5 most hated Phillies players of all time

While plenty of players are remembered fondly by Phillies fans, some are hated and despised and may be forever. Who are the most hated players in the organization's history?

St. Louis Cardinals v Pittsburgh Pirates
St. Louis Cardinals v Pittsburgh Pirates / George Gojkovich/GettyImages
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No. 4: Scott Rolen

Scott Rolen appeared like he would be an integral part of the club's rebuild toward being a contender. He debuted for the Phillies in August 1996. In his first full season in the majors the following year, he won the National League Rookie of the Year Award.

Rolen did not get along with Phillies manager Larry Bowa, who became the skipper in 2001. The third baseman believed the organization was not doing all it could to become a contender. He rejected a hefty extension from the Phillies during the offseason following the 2001 season as he grew tired of the team's promises to put a better team around him to contend.

The Phillies ended up trading Rolen, minor league pitcher Doug Nickle, and cash to the St. Louis Cardinals for third baseman Placido Polanco, starting pitcher Bud Smith, and reliever Mike Timlin on July 29, 2002.

While it appears some of the Philly fanbase have moved on from their dislike of the third baseman following his entry into the Phillies Wall of Fame last season, his comments during his unhappiness with the organization made many fans angry with him for the duration of his playing career.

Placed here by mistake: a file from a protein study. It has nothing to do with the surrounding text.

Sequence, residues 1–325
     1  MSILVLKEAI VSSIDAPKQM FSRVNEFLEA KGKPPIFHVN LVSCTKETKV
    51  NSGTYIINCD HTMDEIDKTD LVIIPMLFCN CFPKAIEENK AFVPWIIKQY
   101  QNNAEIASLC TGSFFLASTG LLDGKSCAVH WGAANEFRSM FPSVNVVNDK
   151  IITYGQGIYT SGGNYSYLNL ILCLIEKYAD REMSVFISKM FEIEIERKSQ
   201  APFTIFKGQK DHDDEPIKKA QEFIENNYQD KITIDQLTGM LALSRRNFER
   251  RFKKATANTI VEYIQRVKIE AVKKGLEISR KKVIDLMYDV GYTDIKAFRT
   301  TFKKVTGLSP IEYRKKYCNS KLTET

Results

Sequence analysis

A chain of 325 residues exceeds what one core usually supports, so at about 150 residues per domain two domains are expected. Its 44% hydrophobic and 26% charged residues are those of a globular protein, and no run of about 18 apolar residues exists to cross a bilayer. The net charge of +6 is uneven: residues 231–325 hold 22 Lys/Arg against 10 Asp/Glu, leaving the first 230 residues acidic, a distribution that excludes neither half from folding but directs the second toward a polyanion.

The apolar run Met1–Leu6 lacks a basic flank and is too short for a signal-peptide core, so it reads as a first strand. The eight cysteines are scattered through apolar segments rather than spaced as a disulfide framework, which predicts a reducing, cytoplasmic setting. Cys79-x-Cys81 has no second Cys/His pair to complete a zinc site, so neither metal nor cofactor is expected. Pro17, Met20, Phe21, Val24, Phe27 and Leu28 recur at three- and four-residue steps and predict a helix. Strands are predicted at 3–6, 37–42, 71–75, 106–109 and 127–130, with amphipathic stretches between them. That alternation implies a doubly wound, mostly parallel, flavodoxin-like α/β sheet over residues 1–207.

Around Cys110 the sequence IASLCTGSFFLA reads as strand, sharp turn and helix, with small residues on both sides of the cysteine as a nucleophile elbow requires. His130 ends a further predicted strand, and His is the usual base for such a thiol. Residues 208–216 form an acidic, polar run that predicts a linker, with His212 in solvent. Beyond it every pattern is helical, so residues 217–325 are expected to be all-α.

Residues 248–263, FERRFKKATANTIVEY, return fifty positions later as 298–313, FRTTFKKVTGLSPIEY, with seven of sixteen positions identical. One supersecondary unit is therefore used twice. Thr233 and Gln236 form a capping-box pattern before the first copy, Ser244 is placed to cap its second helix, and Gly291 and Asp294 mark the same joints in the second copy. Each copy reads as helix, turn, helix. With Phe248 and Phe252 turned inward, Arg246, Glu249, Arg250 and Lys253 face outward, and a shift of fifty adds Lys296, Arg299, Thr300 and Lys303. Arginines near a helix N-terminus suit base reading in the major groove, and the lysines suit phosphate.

No. 3: Jonathan Papelbon

Jonathan Papelbon became the Phillies' all-time leader in saves during his tenure with the ballclub from 2012 to 2015. While he was good in his role throughout his playing career, his opinionated and controversial nature was vexing for some fans.

Following a 2014 outing in which he exited after blowing a save, the reliever chose an inopportune time to adjust his cup as it appeared he made a rude gesture in response to a booing crowd at Citizens Bank Park. Papelbon ended up being ejected from the contest by umpire Joe West and subsequently received a seven-game suspension.

Papelbon was unhappy with former general manager Ruben Amaro Jr., as the reliever signed with the organization to contend for a championship. Instead, the club had an aging core that began to show signs of decline from its years of competing. The closer didn't hold back in his criticisms of the organization during his time with the team or in comments made over the last couple of years.